As the mother of two daughters I was not really prepared for them to start demanding to dress themselves and reject my clothing choices from the age of three onward. I imagined that I would be buying and choosing which clothes they would be wearing each day for way longer than that. But no, these girls know what they like and they know when they want to wear it.
In some ways this is fine, I like that they are so different and make very personalised choices. I can see their own personalities shining through, plus I can see how much they enjoy putting together outfits. It is also great to see my six year old creating some incredible looks herself, in fact she is known as the fashionista and I often ask her advice on my outfit choices.
There are frustrations though. The process can be painfully slow. If we have somewhere to be then there isn’t always enough time to spend while ten outfits are pulled out of the wardrobe being carefully considered for the day’s wear. Sometimes the items chosen are not appropriate. Sparkly, sleeveless dresses for a trip to the mall in winter for example. And other times they are just ridiculous, kind of like fancy dress gone wrong.
Here are five tips for those of you who also have children who insist on choosing their own clothes each morning.
1. Let them have time to experiment when you are not in a hurry
My girls love a lazy weekend morning when they can take as long as they like to get dressed. They try on multiple outfits, match different pieces of clothing together, critique each others choices and have fun. Often during this time they manage to make a couple of outfits which they will select later in the week which saves time on those busy weekday mornings. They also have a wonderful time together experimenting and playing with their clothes.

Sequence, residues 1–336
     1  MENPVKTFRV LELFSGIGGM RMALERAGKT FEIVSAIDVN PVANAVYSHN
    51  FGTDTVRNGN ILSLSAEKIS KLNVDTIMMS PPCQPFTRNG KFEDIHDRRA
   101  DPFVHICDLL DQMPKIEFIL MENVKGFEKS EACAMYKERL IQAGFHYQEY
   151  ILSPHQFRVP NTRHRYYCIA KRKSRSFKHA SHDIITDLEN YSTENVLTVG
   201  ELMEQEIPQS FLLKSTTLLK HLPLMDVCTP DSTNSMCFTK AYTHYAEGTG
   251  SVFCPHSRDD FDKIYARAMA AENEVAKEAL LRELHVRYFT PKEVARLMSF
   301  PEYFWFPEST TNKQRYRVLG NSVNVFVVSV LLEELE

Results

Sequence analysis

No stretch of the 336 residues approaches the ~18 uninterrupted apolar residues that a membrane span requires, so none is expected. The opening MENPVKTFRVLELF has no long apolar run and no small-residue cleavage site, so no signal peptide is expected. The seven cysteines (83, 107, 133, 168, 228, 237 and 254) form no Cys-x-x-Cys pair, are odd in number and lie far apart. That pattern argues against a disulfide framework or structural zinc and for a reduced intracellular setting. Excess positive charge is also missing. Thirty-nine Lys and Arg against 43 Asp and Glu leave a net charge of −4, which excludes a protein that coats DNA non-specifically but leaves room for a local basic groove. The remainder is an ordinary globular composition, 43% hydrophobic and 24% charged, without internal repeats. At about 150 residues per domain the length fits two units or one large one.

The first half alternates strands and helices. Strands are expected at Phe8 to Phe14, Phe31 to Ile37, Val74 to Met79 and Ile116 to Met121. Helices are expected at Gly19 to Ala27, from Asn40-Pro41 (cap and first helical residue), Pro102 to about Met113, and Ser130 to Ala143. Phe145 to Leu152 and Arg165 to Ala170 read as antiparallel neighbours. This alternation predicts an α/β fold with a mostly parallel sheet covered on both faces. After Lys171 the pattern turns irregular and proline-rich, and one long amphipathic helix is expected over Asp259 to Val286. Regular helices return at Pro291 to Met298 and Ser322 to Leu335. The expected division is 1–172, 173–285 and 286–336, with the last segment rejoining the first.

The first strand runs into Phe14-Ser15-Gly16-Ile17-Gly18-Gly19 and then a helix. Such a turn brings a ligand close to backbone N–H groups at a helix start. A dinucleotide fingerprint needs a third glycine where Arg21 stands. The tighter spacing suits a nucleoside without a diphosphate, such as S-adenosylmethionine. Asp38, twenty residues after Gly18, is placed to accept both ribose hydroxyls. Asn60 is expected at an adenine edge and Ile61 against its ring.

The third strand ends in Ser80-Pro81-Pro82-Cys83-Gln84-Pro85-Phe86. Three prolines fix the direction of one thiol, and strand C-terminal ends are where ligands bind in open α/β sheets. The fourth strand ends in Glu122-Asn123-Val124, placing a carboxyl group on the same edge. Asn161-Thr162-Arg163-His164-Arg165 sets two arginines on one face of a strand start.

2. Select a few outfits for them to choose from
On a busy morning, rather than offering free access to all of their clothes, I offer my daughter the choice of two or three outfits. Often these are clothes that they have selected at the weekend, but not yet worn. Although the selection process from this limited choice can still take a while, it is much quicker than offering up the entire wardrobe.
3. Be aware of your child’s likes and dislikes
When giving them options, make sure you consider their likes and dislikes. My eldest doesn’t really like trousers and finds a lot of things itchy and irritating. There is nothing worse than her selecting an outfit and then 5 minutes before we are due to leave the house telling me she needs to change because it is itchy. My youngest has to have either bare arms or bare legs, so we can not have trousers and a long sleeved top. Even if she accepts it, this is temporary and will also be rejected before leaving the house.
4. Allow enough time in your schedule for them to do it themselves
I definitely get involved in the outfit selection but appease the girls a bit by allowing them to dress themselves. Yes, this can take a bit of time depending on what they are wearing and also their age, but the sense of independence they gain from this is amazing. I don’t know how many times I have said “label at the back” as I watched them put their clothes on back to front!
5. Make it a competition
Sometimes I do not have the time to let them choose or get dressed themselves. On these mornings we have a competition to see who can be the first one ready. Suddenly they want my help so that they can be ready before me and before each other. The allure of winning the family contest is greater than the desire to do it all themselves.
6. Let them learn
I have had many a battle over jackets, jumpers, long sleeves, shoes that are not great for walking a long way in and other bad clothes choices. Those battles are hard fought and result in delays, tears and frustration. Now, unless it is snowing outside or feet will be bleeding by the end of the street, I let them learn for themselves. That jacket they don’t want may or may not be in my bag when they realise I was right, as may those comfortable walking shoes. Letting them experience the discomfort of their choices helps them to make wiser choices in the future.
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